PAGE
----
Penn State Hershey Medical Center designated to treat Ebola patients

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A Dauphin County hospital is preparing for the possibility of treating Ebola patients. The Pennsylvania Department of Health has designated Penn State Hershey Medical Center as an Ebola treatment center.

Practice
In a trailer set up outside of the hospital a staff member practices "donning" or taking off her protective equipment.

The process requires 25 steps, including an assistant who watches and goes over a checklist to make sure that every step is followed.

"The equipment can get contaminated as you are caring for a patient and so as you doff or take off the equipment you can contaminate yourself," said Dr. Cynthia Whitener, an infectious disease physician at Penn State Hershey Medical Center.

The hospital is now one of four in the state picked to treat Ebola patients. The Health Department points out that there are no active cases of Ebola in Pennsylvania, but state and federal health officials say the hospital has the staff, equipment and resources to provide the long-term care if that is needed.

"Patients who get flown in from West Africa will more than likely be flown first to the designated sites such as Emory or Nebraska. If they develop a fever and need a place to go than this is where these people would go," said Dr. Whitener.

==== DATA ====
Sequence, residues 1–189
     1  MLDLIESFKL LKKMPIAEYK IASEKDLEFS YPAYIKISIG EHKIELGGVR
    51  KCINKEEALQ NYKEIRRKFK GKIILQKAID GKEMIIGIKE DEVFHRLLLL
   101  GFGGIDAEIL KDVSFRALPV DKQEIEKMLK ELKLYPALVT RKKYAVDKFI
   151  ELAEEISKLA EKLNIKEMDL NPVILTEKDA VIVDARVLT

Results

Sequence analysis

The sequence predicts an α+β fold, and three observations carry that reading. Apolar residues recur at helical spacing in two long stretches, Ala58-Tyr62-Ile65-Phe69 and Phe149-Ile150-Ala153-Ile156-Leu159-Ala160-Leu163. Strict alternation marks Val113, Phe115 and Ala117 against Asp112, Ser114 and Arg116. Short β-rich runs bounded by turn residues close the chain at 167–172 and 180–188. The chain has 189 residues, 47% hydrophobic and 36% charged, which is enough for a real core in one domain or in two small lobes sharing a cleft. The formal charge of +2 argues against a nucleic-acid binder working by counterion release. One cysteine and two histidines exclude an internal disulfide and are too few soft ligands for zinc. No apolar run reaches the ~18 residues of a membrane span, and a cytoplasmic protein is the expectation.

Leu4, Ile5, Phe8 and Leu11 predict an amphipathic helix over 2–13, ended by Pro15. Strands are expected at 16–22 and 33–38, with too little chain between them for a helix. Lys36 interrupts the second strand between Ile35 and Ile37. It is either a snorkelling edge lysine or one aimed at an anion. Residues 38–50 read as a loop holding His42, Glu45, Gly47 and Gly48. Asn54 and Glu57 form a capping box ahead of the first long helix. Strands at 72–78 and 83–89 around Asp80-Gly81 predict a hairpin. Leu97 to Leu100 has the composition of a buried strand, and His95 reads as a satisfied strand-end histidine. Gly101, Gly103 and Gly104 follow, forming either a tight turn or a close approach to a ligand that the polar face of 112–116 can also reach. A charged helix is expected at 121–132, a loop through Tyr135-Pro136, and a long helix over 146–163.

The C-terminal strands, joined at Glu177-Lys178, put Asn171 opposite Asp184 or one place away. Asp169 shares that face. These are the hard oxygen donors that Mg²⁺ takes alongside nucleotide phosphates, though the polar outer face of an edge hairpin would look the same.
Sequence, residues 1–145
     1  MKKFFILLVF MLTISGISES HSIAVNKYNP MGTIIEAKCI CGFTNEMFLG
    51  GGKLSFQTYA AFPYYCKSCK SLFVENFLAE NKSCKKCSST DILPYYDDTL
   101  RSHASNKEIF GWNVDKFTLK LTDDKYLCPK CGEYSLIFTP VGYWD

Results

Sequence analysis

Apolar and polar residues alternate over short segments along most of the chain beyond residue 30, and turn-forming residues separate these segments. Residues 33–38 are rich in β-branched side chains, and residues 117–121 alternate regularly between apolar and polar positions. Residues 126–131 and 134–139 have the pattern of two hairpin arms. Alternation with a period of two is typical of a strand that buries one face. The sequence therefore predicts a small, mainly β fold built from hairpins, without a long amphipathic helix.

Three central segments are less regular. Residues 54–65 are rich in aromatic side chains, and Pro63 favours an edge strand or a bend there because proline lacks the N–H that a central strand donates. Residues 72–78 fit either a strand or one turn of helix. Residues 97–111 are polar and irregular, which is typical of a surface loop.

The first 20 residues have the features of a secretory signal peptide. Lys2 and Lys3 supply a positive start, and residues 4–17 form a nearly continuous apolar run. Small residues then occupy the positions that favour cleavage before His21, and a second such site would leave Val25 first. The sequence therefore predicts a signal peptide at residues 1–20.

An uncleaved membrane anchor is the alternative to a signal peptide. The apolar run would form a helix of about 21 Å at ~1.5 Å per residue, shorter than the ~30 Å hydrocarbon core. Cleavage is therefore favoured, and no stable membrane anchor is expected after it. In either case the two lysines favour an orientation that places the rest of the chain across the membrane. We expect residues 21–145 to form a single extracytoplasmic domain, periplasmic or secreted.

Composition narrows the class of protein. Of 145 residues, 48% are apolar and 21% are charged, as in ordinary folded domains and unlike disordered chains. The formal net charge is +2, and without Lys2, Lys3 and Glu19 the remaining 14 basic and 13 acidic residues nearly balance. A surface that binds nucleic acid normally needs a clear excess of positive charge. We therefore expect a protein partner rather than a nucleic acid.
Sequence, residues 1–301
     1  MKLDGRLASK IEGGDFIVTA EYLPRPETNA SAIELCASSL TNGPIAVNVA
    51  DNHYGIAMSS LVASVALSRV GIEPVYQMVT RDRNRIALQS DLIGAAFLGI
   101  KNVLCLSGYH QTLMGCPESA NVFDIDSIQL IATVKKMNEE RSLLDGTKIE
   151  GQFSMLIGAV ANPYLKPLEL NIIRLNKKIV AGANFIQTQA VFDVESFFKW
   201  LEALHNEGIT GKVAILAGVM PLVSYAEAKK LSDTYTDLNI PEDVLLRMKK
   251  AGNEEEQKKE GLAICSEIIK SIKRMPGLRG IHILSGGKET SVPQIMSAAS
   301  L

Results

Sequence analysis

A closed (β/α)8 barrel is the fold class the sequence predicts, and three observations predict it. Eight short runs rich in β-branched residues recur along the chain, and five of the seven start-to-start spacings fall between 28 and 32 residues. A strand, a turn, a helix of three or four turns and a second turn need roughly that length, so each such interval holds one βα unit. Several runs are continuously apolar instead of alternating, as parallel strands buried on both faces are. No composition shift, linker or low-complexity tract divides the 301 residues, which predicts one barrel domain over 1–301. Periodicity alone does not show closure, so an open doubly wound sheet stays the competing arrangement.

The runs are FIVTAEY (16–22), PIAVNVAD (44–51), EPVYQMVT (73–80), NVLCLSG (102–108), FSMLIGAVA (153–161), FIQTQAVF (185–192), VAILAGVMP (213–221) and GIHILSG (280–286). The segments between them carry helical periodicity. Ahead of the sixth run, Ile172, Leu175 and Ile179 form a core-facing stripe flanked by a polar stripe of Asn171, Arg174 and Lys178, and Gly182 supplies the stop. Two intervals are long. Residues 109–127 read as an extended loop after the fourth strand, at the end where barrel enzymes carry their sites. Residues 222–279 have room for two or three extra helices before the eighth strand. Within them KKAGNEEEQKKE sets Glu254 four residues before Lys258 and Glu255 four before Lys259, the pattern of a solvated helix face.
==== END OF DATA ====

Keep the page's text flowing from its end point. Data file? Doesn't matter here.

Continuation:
There are four rooms that have been chosen in the hospital where Ebola patients could be treated. "We have a very intricate emergency preparedness plan in place that involves over 30 departments in this institution and part of that is a transportation process that would allow us to transport a patient from this floor up to our Surgical Anesthesia Intensive Care Unit," said Scott Mickalonias, emergency preparedness program manager at Penn State Hershey Medical Center. "We have a team of five core individuals that meet twice a week to go over our planning and preparedness, and then there is a weekly briefing with all 30 departments, where we talk about current event related to Ebola."

"We felt as though it was our responsibility to do this for our community and we felt as though we had the expertise to accomplish this," said Dr. Whitener.

"You cannot be 100 percent sure but certainly we feel really good about the staff and the preparedness efforts that have taken place, and the training efforts that have been involved here. We have very dedicated staff," said Mickalonias.

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